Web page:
Election results: Theresa May ‘no intention of resigning’ after losses

9 Jun

Media captionTheresa May says the UK needs a period of stability

The UK faces the prospect of a hung parliament with the Conservatives as the largest party after the general election produced no overall winner.

With nearly all results in, Theresa May faces having fewer seats than when she called the election.

The Tories are projected to get 318 seats, Labour 261 and the SNP 35.

Jeremy Corbyn has urged the PM to resign but the BBC understands she has no intention of doing so at this stage and will try to form a government.

The prime minister has said the country needs stability after the inconclusive election result and the BBC’s political editor Laura Kuenssberg said Mrs May intended to try and govern on the basis that her party had won the largest number of votes and seats.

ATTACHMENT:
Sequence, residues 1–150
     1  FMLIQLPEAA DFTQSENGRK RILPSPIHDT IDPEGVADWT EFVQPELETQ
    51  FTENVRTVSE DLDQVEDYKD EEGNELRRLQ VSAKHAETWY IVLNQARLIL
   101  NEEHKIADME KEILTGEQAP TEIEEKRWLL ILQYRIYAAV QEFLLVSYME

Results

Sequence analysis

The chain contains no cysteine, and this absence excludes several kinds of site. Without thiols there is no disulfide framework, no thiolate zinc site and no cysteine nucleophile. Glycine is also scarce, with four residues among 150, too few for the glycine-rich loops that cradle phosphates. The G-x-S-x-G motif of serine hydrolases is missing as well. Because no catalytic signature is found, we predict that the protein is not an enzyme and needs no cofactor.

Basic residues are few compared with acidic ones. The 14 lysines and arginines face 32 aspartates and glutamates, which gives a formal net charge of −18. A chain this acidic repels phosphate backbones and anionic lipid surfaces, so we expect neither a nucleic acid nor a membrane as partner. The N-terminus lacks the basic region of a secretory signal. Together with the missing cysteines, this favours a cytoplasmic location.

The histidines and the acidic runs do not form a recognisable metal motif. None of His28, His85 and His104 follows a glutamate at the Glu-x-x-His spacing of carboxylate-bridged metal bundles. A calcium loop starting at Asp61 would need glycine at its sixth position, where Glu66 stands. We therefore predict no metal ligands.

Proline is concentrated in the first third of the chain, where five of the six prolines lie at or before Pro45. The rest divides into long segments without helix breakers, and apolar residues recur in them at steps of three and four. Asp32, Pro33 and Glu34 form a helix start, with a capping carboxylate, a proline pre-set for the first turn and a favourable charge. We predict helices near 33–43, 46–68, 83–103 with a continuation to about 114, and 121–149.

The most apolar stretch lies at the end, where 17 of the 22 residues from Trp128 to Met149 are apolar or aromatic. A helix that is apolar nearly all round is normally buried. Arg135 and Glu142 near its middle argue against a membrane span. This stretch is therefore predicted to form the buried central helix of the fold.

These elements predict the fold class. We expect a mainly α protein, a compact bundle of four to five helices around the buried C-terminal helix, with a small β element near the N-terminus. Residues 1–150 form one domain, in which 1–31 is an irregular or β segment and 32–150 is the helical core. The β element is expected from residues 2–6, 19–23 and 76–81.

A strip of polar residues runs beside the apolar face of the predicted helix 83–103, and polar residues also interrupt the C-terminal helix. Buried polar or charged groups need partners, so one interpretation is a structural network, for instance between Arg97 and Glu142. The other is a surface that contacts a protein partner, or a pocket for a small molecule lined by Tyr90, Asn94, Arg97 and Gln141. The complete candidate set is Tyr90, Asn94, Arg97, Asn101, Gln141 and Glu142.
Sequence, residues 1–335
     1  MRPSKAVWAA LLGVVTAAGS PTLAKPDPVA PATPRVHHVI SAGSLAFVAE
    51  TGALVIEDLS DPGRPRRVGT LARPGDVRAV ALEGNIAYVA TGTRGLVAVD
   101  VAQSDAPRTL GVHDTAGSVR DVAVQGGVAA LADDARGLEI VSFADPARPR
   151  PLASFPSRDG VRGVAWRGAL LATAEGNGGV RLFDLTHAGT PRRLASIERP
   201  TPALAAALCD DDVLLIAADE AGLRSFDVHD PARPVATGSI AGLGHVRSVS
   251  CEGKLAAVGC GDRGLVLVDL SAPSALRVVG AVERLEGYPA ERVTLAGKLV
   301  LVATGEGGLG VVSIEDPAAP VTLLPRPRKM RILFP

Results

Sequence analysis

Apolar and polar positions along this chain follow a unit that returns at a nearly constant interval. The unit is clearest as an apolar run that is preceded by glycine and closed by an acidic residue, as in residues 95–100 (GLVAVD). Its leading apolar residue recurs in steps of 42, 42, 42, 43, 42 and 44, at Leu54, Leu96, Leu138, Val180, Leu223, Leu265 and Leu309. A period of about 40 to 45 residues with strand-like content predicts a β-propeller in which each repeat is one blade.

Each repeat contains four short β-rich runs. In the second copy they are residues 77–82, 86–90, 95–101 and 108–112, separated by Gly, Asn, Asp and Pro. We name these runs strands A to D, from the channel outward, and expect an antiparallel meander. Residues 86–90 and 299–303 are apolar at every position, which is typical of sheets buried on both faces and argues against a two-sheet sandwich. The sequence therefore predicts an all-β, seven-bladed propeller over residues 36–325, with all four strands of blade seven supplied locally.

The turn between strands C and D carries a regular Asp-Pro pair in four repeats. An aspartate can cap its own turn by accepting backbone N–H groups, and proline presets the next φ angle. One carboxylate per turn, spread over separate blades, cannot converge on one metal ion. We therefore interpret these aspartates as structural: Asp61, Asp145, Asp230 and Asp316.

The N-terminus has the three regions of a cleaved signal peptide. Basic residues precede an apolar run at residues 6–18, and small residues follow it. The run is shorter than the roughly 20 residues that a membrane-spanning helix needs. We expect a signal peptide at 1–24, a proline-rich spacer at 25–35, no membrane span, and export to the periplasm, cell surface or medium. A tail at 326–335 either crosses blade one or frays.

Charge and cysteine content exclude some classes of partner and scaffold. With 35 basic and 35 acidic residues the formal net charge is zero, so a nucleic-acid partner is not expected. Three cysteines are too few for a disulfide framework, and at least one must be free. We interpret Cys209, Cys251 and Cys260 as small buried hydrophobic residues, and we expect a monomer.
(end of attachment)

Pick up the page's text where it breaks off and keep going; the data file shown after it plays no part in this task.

Labour is set to make 29 gains with the Tories losing 13 seats – and the SNP down by 22 seats in a bad night for Nicola Sturgeon, with her party losing seats to the Tories, Labour and Lib Dems.

The Conservatives are forecast to win 42% of the vote, Labour 40%, the Lib Dems 7%, UKIP 2% and the Greens 2%.

Turnout so far is 68.7% – up 2% up on 2015 – but it has been a return two party politics in many parts of the country, with Labour and the Conservatives both piling up votes in numbers not seen since the 1990s.

UKIP’s vote slumped dramatically but rather than moving en masse to the Tories, as they had expected, their voters also switched to Labour.

Mr Corbyn, speaking after being re-elected in Islington North, said it was time for Mrs May to “make way” for a government that would be “truly representative of the people of this country”.